Extensive Working Hours For Medical Officers In Government Hospitals — Five Medical Officers

Five MOs at govt hospitals in Kedah, KL, Kelantan, Negeri Sembilan & Selangor identify departments in key hospitals that allegedly fail to provide proper post-oncall off periods. “After enduring a 33-hour shift, MOs need adequate time to rest and recover.”

In many government hospitals, medical officers (MOs) often face gruelling work schedules, particularly during on-call duties. An on-call shift typically starts at 8am and continues until 5pm the following day, amounting to a 33-hour work period. 

At times, they could not even go back home on time due to unforeseen circumstances (patient collapse, last-minute jobs added, paperwork, etc).

This exhausting schedule poses significant challenges and concerns for the wellbeing of medical professionals and the quality of patient care.

Physical And Mental Exhaustion

The demanding nature of a 33-hour shift without adequate rest periods has led to severe physical and mental exhaustion among medical officers.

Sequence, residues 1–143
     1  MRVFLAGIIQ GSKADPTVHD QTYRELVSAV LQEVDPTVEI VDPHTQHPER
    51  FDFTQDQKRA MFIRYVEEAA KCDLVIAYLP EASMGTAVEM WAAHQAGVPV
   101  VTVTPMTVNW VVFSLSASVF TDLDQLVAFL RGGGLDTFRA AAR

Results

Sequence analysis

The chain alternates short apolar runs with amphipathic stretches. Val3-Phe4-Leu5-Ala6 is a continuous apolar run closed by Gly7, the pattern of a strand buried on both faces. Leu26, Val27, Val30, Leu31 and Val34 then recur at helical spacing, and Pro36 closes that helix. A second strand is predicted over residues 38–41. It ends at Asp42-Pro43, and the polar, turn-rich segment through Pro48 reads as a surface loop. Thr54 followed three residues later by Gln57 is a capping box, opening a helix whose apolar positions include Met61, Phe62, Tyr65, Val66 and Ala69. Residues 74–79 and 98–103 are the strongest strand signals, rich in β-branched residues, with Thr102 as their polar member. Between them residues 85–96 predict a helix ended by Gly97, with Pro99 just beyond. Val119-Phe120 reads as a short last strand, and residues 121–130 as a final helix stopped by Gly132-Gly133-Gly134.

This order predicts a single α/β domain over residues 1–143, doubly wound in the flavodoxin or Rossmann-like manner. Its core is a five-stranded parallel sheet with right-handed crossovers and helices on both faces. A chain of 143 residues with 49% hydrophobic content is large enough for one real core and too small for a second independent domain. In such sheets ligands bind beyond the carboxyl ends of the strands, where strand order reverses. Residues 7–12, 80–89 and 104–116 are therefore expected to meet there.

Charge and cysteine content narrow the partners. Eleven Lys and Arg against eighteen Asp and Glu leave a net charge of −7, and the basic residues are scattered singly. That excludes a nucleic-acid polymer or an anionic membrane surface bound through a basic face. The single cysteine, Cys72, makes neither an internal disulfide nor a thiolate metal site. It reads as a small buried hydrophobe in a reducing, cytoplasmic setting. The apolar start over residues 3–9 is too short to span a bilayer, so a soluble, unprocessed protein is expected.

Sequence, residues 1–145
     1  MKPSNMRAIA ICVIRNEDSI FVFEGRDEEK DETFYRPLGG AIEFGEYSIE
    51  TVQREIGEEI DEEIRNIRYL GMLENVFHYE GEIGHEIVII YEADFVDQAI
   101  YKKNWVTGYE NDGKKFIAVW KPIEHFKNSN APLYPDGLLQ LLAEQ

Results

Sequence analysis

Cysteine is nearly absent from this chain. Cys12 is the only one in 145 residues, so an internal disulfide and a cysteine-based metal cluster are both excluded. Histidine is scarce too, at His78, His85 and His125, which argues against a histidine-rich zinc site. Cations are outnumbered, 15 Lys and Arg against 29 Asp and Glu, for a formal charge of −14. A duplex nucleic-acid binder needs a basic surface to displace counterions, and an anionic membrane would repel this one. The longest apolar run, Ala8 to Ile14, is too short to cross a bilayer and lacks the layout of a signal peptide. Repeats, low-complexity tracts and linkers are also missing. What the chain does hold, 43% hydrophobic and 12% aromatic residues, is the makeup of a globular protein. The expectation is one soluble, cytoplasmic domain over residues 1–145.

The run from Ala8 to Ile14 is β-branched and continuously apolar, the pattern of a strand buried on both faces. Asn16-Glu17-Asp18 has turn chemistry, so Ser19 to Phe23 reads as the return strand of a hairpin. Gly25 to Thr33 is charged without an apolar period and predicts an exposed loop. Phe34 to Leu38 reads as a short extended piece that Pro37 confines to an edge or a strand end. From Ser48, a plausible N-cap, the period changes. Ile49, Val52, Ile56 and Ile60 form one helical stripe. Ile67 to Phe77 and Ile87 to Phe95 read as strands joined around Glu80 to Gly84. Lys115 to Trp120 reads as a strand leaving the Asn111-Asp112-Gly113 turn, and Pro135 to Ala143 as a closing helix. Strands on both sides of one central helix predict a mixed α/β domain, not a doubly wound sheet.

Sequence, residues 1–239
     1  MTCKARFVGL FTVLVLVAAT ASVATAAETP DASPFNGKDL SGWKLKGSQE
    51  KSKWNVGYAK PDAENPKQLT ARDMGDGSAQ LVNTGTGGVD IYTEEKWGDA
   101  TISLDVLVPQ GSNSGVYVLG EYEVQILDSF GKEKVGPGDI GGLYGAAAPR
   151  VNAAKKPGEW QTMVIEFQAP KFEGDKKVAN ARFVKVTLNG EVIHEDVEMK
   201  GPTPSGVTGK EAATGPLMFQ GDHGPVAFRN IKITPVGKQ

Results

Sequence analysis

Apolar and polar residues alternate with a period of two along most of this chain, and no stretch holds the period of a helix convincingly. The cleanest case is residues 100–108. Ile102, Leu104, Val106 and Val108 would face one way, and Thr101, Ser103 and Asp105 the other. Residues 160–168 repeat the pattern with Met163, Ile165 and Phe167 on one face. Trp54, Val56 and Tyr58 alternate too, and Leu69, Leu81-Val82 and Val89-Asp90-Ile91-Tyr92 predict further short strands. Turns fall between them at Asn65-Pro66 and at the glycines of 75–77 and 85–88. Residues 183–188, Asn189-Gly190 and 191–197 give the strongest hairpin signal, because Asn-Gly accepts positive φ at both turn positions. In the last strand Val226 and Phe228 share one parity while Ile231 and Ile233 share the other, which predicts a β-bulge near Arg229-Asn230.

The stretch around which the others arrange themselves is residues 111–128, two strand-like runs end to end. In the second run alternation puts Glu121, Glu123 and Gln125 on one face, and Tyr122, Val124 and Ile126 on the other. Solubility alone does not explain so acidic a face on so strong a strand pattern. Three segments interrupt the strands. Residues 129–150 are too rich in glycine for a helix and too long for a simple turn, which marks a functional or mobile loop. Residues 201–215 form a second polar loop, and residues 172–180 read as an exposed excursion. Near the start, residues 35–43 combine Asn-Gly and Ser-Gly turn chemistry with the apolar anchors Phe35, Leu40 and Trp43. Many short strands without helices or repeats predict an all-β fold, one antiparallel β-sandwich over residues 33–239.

Prolonged working hours can result in sleep deprivation, which diminishes cognitive function, reaction time, and decision-making abilities. 

The constant pressure to perform under such strenuous conditions exacerbates stress levels, leading to burnout, anxiety, and depression. The physical toll includes fatigue, headaches, and increased vulnerability to illnesses due to weakened immunity.

Low On-Call Allowance Rate

Despite the intense workload, the compensation for on-call duties remains strikingly low. In many regions, medical officers receive an on-call allowance of only RM200 per shift. 

This amount is disproportionately low, considering the length of the shift and the high level of responsibility involved.

The inadequate remuneration fails to reflect the critical nature of their work and the personal sacrifices they make, including time away from family and personal health risks.